clock menu more-arrow no yes

Filed under:

Support Max Scherzer: Washington Nationals finally came through with runs for their ace...

Max Scherzer has received a total of three runs of support in his last three starts. Last time out two was enough...

Washington Nationals v Philadelphia Phillies Photo by Tim Nwachukwu/Getty Images

In back-to-back losses to Cincinnati’s Reds and Milwaukee’s Brewers, Max Scherzer received one run of support, total, in what ended up 2-1 and 3-0 losses in the nation’s capital, and it looked like the Washington Nationals’ ace was headed for another hard-luck loss, or no-decision this past Friday night in the series opener with the Philadelphia Phillies in Citizens Bank Park.

Scherzer gave up just one run through five, as did Phillies’ righty Zack Wheeler, who retired the first nine batters he faced, before giving up a leadoff walk in the top of the fourth which came around to score the first run of the game for either team. His teammates answered in the bottom of the fourth inning though, and things were tied up at 1-1 before scoreless fifth innings for each starter.

Talking after the loss to the Brewers in his previous outing before Friday’s start, Scherzer did address the lack of support he’d received, and the pressure of pitching when it seems like a single mistake can make the difference.

“Yeah, I mean the offense is in a little lull, they’ll snap out of it,” Scherzer said back on May 30th. “These guys are good, they know what to do. I’m not going to sit here and say, ‘As soon as I give up a run, I’m going to lose.’ I have confidence in my teammates, and what they’re going to be able to do.

“But yeah, over the past handful of starts it has worked out that way. But look, you’ve got to rise to the occasion, you’ve got to match it. Especially when you’re going against [Brandon] Woodruff, who’s throwing the ball extremely well this year, you got to execute every single time out, every pitch matters. And so that’s what happens when you get in pitching duels like this.”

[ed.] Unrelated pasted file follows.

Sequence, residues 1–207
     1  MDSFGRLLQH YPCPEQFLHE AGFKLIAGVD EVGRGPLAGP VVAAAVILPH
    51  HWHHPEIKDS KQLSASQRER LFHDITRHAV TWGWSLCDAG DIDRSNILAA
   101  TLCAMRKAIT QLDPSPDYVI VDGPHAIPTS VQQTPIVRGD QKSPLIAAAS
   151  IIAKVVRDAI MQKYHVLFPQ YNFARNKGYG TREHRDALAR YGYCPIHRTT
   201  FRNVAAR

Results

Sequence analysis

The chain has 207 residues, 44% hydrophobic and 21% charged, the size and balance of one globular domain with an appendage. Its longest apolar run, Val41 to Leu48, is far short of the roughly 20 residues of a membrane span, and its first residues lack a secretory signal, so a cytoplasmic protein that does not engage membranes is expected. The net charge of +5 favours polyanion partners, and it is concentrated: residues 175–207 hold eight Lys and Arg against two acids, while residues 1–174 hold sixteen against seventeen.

In the top of the sixth inning of another pitchers’ duel in the series opener with the Phillies, Scherzer got a second run of support when Juan Soto broke up the 1-1 tie with a solo shot on a 98 MPH 1-0 heater from Wheeler that went out to left field in Citizens Bank to put the Nationals up 2-1.

Not that Scherzer ever needs additional motivation when he’s on the mound, but even so, he acknowledged after the Nats’ 2-1 win that Soto’s blast provided a boost.

“I mean, you know going up against Zack it’s going to tough matchup and the runs are going to be at a premium,” Scherzer said.

“I’ve been facing good arms across the game for a handful of starts now, so it was good to be able to scratch that second run across and get the lead. I just felt like, ‘Hey, I finally got a lead here, going deeper into the game, let’s do everything to protect it, let’s not get caught making a mistake.’ And so fortunately enough I was able to avoid any additional solo shots, or any innings where they were able to scratch runs across.

“Credit to our guys to be able to grind out Zack, he’s been throwing the ball great this year, and he’s really got tough stuff, so awesome to be able to get that second run.”

Soto was thrilled that he could provide that support to the Nationals’ ace.

“It feels great, and more a guy like that,” Soto said. “He’s working his ass off out there, and he’s just amazing. What he’s done, and how he pitches every moment, every time he goes out there, he’s giving 100%, and it’s just great to get some runs for him.”

“It was huge,” manager Davey Martinez said of the second run of support Scherzer received in the win. “As you know, your No. 1 guy usually faces No. 1 guys, and Wheeler threw the ball really well as well. For us to go ahead and get that lead, Soto putting us ahead, Max did everything he could to keep us on top, and then [Daniel Hudson] and [Brad] Hand came in and finished it out, so it was a great win for our ballclub.”

Scherzer went 7 23 innings, Hudson finished the eighth, and, with help from Alex Avila on a 2-unassisted put-out, got two outs in the ninth, then Hand closed out the 2-1 win.